Patient-oriented health care is the future, researcher says

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Photo Credit: Chelsea Purgahn | Daily Texan Staff

The future of the health care system lies in a patient-oriented approach, not in the continuation of its current structure, according to health care innovator Stacey Chang.

Chang, former managing director of global design firm IDEO’s health care division, spoke Wednesday about the benefits of a design approach in the context of the health care system. The lecture was a part of a series called “Discoveries in Art and Health,” a collaborative effort between the College of Fine Arts and Dell Medical School.

“The lecture series is meant to explore the intersections between art and health care and to showcase what artists, performers and designers can contribute to the health care system,” said Douglas Dempster, dean of the College of Fine Arts.

The design approach is the creation of a health care system with the patient as its core focus, according to Chang.

“I think, first and foremost, it’s about starting with human motivations,” Chang said. “We always go straight to the [consumer] because that’s where we find the most opportunity for innovation.”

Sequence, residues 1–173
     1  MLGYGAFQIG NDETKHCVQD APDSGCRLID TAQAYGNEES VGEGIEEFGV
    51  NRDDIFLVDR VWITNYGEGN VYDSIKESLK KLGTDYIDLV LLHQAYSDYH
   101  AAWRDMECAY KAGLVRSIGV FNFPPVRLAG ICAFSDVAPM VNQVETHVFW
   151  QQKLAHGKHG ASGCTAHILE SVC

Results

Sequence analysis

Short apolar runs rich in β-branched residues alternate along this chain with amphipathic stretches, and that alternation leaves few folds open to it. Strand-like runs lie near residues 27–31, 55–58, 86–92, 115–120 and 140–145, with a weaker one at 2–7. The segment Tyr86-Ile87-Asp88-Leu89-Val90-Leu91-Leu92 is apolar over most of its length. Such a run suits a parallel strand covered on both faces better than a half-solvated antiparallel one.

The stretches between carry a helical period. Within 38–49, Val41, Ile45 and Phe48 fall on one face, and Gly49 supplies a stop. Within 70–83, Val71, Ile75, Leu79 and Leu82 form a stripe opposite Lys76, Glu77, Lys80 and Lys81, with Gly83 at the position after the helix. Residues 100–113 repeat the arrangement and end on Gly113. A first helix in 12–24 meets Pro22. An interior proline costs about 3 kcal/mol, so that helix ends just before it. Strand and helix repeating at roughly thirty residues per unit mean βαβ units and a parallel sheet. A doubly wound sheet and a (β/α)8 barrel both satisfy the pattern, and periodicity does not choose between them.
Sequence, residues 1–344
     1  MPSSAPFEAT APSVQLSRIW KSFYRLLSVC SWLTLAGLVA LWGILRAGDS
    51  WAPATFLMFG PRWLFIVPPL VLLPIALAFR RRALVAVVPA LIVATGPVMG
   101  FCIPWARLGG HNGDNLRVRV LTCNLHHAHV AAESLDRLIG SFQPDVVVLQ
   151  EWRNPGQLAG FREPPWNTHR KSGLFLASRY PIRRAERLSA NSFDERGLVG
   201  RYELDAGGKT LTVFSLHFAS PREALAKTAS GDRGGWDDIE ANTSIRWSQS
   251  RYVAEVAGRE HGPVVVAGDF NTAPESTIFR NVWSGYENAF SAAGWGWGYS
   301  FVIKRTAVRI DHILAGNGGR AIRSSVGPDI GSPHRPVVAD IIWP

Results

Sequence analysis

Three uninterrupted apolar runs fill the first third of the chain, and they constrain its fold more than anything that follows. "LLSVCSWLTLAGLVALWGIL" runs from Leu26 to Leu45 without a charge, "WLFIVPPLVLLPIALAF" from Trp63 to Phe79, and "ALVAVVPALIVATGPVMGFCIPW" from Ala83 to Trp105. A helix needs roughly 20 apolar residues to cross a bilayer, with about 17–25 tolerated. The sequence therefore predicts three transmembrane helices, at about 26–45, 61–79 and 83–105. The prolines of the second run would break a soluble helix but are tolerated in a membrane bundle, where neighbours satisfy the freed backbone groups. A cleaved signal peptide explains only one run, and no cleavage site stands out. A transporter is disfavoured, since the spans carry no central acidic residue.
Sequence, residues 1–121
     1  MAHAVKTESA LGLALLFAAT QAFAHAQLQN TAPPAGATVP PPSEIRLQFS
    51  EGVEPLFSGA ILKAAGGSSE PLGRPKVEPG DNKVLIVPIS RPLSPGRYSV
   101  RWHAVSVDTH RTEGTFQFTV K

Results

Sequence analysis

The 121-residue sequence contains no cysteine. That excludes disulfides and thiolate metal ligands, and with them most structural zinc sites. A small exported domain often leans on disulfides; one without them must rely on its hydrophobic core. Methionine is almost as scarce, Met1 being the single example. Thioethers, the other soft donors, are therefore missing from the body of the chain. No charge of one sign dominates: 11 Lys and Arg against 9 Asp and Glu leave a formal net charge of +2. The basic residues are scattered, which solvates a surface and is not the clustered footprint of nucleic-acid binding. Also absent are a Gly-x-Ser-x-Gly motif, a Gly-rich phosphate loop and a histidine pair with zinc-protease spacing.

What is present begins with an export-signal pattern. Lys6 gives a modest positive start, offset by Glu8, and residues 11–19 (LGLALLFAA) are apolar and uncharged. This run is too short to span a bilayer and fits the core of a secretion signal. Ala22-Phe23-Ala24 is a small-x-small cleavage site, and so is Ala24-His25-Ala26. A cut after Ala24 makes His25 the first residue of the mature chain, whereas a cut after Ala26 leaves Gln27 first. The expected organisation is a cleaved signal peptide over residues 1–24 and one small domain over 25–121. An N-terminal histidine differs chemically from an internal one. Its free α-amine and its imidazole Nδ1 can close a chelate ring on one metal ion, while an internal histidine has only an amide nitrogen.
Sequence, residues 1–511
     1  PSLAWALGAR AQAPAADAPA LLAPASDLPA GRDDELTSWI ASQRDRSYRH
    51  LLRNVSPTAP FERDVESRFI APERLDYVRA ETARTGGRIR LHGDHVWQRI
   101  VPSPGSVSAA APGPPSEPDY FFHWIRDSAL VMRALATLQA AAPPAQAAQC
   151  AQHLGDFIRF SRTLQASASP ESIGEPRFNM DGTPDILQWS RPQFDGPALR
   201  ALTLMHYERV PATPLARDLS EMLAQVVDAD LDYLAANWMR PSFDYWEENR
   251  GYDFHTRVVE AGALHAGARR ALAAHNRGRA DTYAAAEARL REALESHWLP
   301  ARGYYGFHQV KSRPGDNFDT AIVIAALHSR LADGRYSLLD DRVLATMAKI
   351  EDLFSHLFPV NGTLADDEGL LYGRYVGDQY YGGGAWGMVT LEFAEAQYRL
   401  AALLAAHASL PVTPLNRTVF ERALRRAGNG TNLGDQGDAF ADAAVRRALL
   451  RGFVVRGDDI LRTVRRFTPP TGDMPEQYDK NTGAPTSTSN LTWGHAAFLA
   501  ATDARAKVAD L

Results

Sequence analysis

This approach has allowed Chang to dig deeper into the motivations of health care professionals beyond what one sees in the doctor’s office.

“Physicians enter the field wanting to care for people, and they evolve as they go through medical education and training,” Chang said. “Often they become efficient but callous. They are given less and less opportunity to do what they came to do — to care for people.”

According to Chang, the health care system has many stakeholders concerned with their own tasks. 

The lack of connection among those involved in health care provisions can result in an impersonal experience for patients, according to Maninder Kahlon, vice dean for strategy and partnerships of the Dell Medical School.

“Our system is broken,” Kahlon said. “There’s a lack of coordination. The challenge is to bring rationality back so that everyone involved in care is focused on the patient.”

Chang’s efforts in bridging health care and design include partnering with a realty company to create housing for wounded veterans that accommodates their health-care needs in a traditional home aesthetic. She has also done work labeling electrode pads for defibrillators to decrease time needed for resuscitation.

 “There’s really only one experience in life that we all share as a society, and that’s health care,” Chang said. “Its future is uncertain, but we can design it together.”